Bottle Brush Buckeyes are blooming everywhere and if you are in the know, you are planting more of them. Attracting hummingbirds, butterflies, and other native pollinators by the dozens, this native is a great understory plant for shady woodland areas. Deer and rabbit resistant, it forms a dense, mounded, suckering, deciduous, multi-stemmed shrub which typically grows 6-12′ tall.
An old-fashioned plant that you see in more established gardens, this is a plant that deserves more recognition. Hybridizers haven’t changed it and fooled with it, and it doesn’t need to be transformed as it is a wonderful plant as is.
Long racemes (12 – 14″) of fragrant white flowers emerge in early July and last for weeks that attract every pollinator around. In the Horse Chestnut family, the handsome five to seven-part leaves lend a textural contrast to shady and sunny areas.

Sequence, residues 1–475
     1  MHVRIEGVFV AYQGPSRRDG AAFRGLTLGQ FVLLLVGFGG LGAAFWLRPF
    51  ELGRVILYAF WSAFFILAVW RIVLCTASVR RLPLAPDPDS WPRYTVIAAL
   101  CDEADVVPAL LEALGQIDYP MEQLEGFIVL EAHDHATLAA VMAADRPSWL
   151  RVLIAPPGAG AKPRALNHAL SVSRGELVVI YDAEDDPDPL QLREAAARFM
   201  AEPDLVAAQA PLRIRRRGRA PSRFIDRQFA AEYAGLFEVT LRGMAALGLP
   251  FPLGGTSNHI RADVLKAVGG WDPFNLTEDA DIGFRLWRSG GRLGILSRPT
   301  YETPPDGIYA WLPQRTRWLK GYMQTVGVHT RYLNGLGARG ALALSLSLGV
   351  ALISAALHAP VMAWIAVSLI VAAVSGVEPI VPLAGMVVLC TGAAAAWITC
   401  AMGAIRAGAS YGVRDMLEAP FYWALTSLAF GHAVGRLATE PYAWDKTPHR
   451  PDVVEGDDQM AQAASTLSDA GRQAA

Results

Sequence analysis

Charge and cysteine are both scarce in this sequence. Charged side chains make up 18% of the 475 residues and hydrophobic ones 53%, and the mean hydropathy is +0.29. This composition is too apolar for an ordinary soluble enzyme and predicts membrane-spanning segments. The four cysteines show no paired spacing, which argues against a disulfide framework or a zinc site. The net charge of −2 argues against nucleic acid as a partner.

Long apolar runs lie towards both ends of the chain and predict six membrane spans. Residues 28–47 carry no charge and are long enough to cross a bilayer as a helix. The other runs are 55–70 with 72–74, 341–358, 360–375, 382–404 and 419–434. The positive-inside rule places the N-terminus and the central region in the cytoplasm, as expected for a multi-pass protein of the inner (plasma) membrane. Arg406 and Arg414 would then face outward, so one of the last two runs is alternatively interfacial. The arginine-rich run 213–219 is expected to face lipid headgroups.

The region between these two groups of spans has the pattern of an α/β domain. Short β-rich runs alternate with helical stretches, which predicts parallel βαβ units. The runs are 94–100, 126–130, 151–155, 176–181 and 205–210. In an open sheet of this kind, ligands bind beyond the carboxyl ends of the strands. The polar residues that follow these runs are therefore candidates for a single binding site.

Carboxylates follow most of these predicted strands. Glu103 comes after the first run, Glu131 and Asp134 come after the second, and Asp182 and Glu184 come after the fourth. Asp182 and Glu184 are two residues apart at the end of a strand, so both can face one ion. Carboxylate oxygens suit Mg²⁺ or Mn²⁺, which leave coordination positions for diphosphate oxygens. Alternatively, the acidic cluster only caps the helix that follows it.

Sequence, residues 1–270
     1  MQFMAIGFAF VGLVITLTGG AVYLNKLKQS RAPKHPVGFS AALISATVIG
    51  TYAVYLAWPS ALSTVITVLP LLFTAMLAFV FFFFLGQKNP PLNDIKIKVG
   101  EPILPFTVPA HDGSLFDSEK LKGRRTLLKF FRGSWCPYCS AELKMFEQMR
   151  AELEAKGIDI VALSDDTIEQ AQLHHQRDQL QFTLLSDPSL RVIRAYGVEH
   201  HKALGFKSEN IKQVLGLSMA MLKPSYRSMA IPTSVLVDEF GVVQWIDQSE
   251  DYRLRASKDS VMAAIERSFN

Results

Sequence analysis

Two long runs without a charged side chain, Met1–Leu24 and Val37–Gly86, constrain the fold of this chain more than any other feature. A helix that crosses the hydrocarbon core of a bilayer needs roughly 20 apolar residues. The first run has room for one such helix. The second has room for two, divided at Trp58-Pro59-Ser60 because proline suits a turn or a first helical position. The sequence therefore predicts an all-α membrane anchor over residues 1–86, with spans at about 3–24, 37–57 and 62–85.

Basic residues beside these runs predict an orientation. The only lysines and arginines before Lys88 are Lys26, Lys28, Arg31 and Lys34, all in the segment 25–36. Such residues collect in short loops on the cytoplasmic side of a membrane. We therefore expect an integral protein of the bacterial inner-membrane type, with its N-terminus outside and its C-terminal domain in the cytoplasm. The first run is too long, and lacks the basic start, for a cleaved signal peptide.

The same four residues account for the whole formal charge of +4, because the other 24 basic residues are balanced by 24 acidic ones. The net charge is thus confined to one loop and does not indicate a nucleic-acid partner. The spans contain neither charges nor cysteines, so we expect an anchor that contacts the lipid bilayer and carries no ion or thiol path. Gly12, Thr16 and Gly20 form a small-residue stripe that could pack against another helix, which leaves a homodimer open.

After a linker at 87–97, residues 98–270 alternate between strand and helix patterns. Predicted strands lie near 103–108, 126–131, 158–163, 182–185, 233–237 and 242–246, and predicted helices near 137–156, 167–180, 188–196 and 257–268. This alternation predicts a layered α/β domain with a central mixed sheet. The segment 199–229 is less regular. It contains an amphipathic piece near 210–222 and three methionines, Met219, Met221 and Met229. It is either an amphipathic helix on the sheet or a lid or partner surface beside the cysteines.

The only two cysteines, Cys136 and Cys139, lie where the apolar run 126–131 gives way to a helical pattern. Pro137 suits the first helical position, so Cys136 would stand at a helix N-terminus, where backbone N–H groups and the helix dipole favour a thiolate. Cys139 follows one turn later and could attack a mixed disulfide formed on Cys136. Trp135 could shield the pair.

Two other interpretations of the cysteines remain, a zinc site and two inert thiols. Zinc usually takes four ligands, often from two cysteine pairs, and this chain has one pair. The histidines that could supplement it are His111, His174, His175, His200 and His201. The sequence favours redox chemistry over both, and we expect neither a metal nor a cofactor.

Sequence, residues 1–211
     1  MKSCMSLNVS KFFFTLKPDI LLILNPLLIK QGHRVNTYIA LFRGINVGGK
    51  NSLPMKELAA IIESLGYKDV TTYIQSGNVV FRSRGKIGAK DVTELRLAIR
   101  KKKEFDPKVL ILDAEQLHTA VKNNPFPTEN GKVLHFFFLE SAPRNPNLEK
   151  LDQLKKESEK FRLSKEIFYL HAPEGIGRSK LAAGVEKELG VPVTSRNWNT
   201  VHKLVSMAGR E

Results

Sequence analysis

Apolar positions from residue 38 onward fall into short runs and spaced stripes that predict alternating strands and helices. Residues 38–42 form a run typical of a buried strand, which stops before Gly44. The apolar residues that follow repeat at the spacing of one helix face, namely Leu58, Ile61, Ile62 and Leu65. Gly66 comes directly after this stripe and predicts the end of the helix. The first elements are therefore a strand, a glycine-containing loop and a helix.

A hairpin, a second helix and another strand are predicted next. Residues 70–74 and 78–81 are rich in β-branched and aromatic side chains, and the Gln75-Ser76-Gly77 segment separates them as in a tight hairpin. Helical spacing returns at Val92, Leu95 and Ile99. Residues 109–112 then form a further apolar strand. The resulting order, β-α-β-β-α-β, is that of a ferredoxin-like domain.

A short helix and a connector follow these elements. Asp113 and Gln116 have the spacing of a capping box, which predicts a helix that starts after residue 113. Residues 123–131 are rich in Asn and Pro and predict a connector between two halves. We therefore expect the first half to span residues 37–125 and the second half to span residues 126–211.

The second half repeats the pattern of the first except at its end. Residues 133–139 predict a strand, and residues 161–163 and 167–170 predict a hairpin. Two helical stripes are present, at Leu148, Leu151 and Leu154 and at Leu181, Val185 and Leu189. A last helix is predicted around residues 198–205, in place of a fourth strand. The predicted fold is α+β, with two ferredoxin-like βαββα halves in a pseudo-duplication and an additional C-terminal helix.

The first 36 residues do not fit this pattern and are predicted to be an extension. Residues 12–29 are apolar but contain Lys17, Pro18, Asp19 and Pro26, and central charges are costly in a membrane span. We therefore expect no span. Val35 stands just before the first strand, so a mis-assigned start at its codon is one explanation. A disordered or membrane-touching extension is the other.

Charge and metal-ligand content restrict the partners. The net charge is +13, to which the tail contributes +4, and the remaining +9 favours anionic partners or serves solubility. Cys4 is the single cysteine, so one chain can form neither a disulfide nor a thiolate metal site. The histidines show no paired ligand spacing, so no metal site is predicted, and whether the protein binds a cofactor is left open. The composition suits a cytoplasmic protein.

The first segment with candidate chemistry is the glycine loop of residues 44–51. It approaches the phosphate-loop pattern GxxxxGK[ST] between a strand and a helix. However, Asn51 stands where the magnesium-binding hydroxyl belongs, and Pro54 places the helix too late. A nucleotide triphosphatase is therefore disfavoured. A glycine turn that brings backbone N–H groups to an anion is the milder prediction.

Known for its summer blooming when most shrubs have finished, bottlebrush is not suited for small gardens. Think of a large shrub covering an area at least 8-10′ wide and high, and putting on a show for at least a month, and most gardeners pass this by as they have much smaller gardens. Mixed into a shrub border, used as a screen, or a backdrop to a perennial border, Bottlebrush has many uses in the landscape. Requiring no pampering, and very adaptable to most garden conditions, this shrub deserves a spot in more gardens.
Turning a buttery yellow in the fall, this shrub shines in the fall as well as the mid-summer. Seek it out as many nurseries don’t carry it, but specialty native nurseries should sell it.